What is the implication of this asymmetry for the goal of inclusive, sustainable development? The numeric logic of universal adult franchise ensures that political leaders feed on the entitlement mentality with pre-election freebies and promises of more, which militate against either fiscal or environmental sustainability. But no political leader dares raise the issue of responsibility, for fear of losing the elections.

The way out of this is to first practise and then promote the notion of responsibility being an essential precondition for entitlements. Once that belief is more widely adopted, our public life is bound to become more accountable and the conduct of public systems and institutions is bound to improve.

The Technology vs Mythology Asymmetry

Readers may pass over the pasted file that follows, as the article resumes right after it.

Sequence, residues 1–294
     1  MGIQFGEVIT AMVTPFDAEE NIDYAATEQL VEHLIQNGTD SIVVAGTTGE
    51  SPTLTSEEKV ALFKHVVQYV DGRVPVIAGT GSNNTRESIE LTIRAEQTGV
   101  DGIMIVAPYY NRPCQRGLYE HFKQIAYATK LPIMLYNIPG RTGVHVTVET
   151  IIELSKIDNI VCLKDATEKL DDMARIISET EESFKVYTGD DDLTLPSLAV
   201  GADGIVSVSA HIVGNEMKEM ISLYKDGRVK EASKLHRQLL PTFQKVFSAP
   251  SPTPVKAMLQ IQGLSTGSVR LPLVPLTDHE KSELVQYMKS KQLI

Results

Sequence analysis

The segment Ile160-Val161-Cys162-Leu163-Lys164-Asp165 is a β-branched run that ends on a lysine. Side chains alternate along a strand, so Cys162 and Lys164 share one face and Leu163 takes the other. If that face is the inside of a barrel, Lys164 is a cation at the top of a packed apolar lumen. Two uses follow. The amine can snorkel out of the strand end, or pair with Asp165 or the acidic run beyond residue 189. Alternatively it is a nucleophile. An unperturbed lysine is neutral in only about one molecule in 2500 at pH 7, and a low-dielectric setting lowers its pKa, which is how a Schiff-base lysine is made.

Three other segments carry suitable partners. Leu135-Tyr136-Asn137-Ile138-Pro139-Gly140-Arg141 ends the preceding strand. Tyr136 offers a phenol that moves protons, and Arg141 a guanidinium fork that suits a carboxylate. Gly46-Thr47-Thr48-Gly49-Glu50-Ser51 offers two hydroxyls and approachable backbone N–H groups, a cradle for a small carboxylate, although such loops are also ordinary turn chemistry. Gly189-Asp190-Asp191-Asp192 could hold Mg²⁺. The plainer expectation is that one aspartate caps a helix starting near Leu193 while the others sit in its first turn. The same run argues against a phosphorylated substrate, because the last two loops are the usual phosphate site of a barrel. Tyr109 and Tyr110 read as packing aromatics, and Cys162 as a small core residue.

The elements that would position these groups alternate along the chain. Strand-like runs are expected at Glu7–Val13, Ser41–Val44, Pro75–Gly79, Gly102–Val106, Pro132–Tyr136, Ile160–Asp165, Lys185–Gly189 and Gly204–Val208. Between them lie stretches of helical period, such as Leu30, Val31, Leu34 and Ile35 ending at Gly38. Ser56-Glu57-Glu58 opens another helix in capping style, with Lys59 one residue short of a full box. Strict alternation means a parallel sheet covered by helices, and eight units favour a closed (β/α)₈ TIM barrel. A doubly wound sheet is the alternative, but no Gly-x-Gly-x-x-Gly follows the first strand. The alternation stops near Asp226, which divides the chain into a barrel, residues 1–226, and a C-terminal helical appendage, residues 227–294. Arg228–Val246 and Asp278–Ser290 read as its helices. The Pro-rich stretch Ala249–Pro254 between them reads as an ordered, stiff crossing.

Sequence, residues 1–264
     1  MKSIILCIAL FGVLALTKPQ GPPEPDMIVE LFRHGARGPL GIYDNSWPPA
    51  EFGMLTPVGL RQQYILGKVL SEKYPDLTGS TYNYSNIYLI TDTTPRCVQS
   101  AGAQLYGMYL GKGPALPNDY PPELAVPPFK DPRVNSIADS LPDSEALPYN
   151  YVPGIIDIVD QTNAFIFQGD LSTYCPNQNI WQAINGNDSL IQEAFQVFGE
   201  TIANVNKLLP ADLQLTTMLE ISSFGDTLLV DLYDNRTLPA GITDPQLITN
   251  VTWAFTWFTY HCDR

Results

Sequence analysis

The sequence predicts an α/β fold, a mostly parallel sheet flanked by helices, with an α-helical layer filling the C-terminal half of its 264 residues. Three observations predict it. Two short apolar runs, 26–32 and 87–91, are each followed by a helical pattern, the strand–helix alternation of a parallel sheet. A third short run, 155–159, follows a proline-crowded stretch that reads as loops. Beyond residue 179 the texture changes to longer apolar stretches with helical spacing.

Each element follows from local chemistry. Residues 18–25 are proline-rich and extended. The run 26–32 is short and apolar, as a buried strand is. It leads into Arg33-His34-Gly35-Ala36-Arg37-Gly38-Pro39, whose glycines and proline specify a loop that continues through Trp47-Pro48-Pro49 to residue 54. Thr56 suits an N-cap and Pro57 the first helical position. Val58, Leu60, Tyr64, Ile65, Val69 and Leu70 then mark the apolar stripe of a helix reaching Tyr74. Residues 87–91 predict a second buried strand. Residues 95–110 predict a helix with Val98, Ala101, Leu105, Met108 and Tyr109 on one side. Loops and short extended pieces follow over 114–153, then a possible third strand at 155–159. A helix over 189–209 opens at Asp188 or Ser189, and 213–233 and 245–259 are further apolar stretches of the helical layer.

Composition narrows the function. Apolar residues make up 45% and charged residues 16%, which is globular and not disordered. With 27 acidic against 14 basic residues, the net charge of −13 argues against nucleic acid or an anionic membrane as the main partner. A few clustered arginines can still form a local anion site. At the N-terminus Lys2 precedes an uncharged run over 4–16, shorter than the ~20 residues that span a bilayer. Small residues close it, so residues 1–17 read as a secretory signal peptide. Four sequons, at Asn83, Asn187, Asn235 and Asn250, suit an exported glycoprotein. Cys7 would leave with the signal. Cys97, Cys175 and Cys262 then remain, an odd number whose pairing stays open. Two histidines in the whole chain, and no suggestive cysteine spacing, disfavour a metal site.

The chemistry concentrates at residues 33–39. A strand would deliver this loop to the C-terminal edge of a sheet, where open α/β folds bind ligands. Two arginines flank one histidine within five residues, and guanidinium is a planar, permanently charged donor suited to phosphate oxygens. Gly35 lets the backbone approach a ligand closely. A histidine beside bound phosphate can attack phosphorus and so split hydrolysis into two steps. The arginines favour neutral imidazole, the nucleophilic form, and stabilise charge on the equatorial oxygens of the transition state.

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The underlying worldview of those who believe in the power of technology is that Nature is meant to be conquered and used for furthering the quality of human life through the application of science. This worldview yielded an enormous increase in the lifespan and quality of life of millions of people in the 19th and 20th centuries, through advances ranging from immunisation to the internet.

But technological advancement needs more and more capital, which exacerbates inequity. Not everyone has benefited equally from technological advances; as a result, the skew in the distribution of well-being and wealth has reached unprecedented levels. The unsustainable use of resources has led to an adverse response from Nature.

By contrast, the underlying worldview of those who have faith in mythology is that human life is significantly impacted by forces beyond the control of human beings. Those at the extreme believe that the end of the world could be coming as a consequence of arrogant human actions.